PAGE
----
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SNAPSHOT 239: 1947 Davis

The world of motor manufacture is full of ambitious projects doomed to failure – and some were downright confidence tricks.  The 1947 Davis was right up there with the most egregious.

Gary Davis devised his plans in America in the late 1940s.  He was an excellent publicist but not a natural car designer.  His new car company paid him $1,000 a week; he had a house in the hills; his wife wore a mink coat; he had several luxury cars.  He posed with a Hollywood starlet and a Davis three-wheeler, showed one in the holiday displays of top department stores, and even drove one in the 1948 Rose Bowl parade.

His prototype was an enormous machine with one front wheel and two driven rear wheels, presented as a high-technology car inspired by aviation practice. He claimed many things for it: the ability to do sharp U-turns at 55 mph (when in fact the rear driving wheel would lift off and make the speedometer over-read); a top speed of 116 mph (fanciful); and room for five people abreast on the single bench seat (as can be seen, four was the absolute maximum).

With promises of high sales figures and double wages for his employees once production started, Davis sold franchises amounting to $1 million to dealers.  But production never happened.  He did recruit a number of designers, engineers, and metalworkers and they produced two prototypes, 11 production cars and three military jeep prototypes – and they did manage to refine the car’s design for production efficiency, in particular the chassis.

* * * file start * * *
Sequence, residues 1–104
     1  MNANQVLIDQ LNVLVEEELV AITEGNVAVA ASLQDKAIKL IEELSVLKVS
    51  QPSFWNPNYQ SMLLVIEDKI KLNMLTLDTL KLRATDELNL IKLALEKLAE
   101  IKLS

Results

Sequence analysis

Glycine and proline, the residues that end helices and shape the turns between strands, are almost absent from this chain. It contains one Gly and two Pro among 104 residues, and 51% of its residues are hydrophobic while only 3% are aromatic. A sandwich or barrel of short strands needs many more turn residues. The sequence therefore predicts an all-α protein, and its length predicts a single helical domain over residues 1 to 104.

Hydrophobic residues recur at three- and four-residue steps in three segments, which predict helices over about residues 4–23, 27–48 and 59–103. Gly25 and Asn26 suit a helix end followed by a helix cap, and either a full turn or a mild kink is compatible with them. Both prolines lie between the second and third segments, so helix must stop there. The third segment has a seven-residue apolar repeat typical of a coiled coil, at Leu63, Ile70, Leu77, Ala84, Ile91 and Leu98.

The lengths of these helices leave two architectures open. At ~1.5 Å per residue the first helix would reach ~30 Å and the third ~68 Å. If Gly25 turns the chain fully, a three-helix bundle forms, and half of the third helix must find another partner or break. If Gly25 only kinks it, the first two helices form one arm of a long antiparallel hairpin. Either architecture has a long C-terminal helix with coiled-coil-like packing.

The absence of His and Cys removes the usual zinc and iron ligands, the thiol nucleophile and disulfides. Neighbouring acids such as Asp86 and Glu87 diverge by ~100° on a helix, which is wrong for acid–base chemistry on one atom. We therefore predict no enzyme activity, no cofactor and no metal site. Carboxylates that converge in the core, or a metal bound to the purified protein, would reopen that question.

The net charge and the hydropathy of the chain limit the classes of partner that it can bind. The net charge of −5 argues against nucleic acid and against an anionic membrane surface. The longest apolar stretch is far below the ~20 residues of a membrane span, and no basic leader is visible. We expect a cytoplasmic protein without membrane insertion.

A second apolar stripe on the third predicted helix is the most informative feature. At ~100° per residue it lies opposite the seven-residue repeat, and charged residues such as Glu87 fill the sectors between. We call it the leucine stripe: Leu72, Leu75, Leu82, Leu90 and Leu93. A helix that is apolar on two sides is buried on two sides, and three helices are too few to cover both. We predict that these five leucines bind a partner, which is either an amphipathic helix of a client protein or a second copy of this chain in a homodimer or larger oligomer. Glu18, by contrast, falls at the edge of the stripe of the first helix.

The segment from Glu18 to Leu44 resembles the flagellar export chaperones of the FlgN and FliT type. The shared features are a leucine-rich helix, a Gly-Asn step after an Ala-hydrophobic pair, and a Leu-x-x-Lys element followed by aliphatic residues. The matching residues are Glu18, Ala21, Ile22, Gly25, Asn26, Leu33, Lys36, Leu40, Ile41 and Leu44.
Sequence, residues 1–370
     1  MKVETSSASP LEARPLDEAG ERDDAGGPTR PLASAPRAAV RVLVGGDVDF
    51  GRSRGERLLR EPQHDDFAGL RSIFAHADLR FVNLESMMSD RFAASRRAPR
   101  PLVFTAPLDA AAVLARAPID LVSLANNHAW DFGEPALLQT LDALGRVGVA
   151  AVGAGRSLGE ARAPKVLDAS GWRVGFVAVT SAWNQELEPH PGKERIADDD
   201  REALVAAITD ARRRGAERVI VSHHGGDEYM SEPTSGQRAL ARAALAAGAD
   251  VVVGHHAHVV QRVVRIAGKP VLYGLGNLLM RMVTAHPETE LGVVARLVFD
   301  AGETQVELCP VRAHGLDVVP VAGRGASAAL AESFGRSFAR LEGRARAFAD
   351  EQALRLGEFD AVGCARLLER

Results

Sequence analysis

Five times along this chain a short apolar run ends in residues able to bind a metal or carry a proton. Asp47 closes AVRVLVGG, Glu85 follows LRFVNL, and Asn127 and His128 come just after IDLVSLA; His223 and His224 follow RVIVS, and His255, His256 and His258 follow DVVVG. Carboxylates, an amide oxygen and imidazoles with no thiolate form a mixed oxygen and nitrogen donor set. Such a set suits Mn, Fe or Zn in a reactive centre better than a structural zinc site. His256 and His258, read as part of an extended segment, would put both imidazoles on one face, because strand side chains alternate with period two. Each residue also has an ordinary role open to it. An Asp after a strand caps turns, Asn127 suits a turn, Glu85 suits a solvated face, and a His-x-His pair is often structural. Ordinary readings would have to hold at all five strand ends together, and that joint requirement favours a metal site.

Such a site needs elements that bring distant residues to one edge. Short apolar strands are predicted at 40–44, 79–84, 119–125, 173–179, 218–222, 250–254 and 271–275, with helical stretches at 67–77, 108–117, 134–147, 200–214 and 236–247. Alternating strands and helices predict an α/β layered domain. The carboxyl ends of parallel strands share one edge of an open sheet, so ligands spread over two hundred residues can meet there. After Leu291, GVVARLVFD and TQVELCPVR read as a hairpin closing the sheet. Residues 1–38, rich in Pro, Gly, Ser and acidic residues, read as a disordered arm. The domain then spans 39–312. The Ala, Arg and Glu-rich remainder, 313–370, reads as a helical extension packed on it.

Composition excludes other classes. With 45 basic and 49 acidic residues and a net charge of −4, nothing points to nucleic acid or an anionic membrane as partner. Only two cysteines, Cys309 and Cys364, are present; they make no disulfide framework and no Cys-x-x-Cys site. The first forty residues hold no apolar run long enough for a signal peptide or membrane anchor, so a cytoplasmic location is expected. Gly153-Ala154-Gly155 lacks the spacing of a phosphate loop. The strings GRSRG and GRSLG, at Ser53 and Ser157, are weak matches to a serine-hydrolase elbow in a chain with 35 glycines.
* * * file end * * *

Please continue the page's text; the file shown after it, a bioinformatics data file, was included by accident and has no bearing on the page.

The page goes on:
The prototype was powered by a 2.2-litre 46 bhp Hercules 4-cylinder engine, but later cars had 2.6-litre 57 bhp Continental engines.

The dream was soon over.  Davis’s creditors obtained a court order for the liquidation if his company, and he served a two-year prison term for fraud.

Amazingly, all but one of the 13 Davis cars built still exist.  The prototype turned up in 1965 on a used car lot in Wisconsin, but nobody has attempted since to restore it or get it running.  A sad end to a dodgy venture.

Picture courtesy of the Richard Roberts Archive

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